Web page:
Fannie Mae and Freddie Mac just announced loan limits for 2011, and they have remained unchanged from 2010. Each year Congress will analyze average home prices from across the nation and adjust the loan size as needed. Ever since I first got in the mortgage business in 1986, the loan limits would mostly increase each year. But this time they are staying the same, as they have done in many recent years.
Below is an interesting history of the Conventional, Conforming loan limit, going back to my first year in the mortgage industry:
2008 417,000 2008**HB 729,750
2009 417,000 2009**HB 729,750
2010 417,000 2010**HB 729,750
2011 417,000 2011**HB 729,750
It is interesting that the only time the loan limit dropped was from 1989 to 1990, during that period’s recession. And we have had a major recession from 2008 to date, and the loan limit has held and not dropped.
Not only has the loan limit not dropped, in 2008 Congress created the High Balance (**HB) Conforming loan, which allows for a low rate for “Conforming” loans between $417,001 to $729,750. These loans sizes would normally be called a Jumbo loan and be charged a higher rate, but thanks to this new class of loan they are now a High Balance, aka Conforming-Jumbo, aka Conforming “Plus”. So effectively, starting in 2008 the loan limit increased, massively! It is good news for homebuyers and refinance borrowers in this loan size range, but are the rest of the taxpayers absorbing massive risk at a time they do not need to be? Fannie Mae and Freddie Mac are beyond broke, yet Congress saw fit to increase the risk, on the backs of the taxpayer.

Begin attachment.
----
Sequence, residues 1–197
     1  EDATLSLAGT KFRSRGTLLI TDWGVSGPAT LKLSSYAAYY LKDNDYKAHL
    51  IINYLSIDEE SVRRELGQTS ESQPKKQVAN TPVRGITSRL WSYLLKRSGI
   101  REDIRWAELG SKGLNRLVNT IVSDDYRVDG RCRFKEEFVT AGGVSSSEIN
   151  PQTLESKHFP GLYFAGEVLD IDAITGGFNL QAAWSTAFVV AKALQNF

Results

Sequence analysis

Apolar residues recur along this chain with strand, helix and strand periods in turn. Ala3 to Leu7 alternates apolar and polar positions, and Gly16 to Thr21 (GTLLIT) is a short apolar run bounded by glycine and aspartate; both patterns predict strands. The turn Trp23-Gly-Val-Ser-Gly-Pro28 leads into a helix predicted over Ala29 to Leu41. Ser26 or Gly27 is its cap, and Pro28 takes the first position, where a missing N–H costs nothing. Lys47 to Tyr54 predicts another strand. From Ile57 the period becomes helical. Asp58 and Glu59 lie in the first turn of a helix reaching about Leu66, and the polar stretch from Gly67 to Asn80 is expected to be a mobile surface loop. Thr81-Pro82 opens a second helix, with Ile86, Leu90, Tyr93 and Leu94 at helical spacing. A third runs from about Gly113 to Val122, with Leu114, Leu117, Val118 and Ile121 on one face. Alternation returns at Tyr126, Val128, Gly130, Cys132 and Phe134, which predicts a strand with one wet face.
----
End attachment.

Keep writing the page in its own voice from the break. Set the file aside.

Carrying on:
I wonder what would happen if the political geniuses decide to privatize FNMA and FHLMC? Or will Congress decide taxpayers should continue to subsidize mortgage borrowers? Interesting times. I don’t think the public quite realizes the dire straits the mortgage industry is in, and the literal lifeline it is on thanks to the U.S. Government. Whenever government starts to meddle, there is always fireworks, usually bad choices, and ultimately something that needs to be fixed down the line. Let’s hope they get this one right, home ownership is too important to the economy.